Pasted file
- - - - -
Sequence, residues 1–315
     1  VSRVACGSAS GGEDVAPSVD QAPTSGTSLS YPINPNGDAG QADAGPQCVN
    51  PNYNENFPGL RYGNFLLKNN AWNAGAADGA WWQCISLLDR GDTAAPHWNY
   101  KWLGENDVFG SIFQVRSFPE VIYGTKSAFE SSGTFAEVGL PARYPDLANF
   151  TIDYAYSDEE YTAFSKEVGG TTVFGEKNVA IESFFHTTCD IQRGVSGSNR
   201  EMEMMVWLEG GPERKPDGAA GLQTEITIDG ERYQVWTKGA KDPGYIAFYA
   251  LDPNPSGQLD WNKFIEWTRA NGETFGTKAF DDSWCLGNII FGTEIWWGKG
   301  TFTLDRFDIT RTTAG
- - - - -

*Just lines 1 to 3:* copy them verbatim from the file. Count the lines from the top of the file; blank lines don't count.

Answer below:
Sequence, residues 1–315
     1  VSRVACGSAS GGEDVAPSVD QAPTSGTSLS YPINPNGDAG QADAGPQCVN
    51  PNYNENFPGL RYGNFLLKNN AWNAGAADGA WWQCISLLDR GDTAAPHWNY